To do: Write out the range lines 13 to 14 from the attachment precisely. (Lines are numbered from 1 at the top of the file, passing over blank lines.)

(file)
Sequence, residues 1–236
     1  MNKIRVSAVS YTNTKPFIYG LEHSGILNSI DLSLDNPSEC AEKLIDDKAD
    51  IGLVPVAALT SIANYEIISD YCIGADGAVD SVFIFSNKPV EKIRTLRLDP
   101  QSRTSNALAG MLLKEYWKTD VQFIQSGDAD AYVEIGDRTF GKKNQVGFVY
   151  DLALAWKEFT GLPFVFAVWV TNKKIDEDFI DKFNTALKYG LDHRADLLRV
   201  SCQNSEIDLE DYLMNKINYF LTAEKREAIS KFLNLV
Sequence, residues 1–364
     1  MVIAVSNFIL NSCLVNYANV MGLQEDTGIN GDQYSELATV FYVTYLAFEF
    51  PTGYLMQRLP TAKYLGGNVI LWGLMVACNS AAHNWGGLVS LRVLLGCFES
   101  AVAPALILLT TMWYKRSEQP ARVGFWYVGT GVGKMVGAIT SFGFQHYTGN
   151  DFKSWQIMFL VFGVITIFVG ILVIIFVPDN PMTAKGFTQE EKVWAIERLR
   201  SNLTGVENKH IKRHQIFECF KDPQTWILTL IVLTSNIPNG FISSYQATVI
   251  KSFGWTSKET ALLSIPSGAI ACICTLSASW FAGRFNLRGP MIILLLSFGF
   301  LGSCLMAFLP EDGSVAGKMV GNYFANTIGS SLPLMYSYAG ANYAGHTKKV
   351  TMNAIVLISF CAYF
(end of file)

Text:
   251  KSFGWTSKET ALLSIPSGAI ACICTLSASW FAGRFNLRGP MIILLLSFGF
   301  LGSCLMAFLP EDGSVAGKMV GNYFANTIGS SLPLMYSYAG ANYAGHTKKV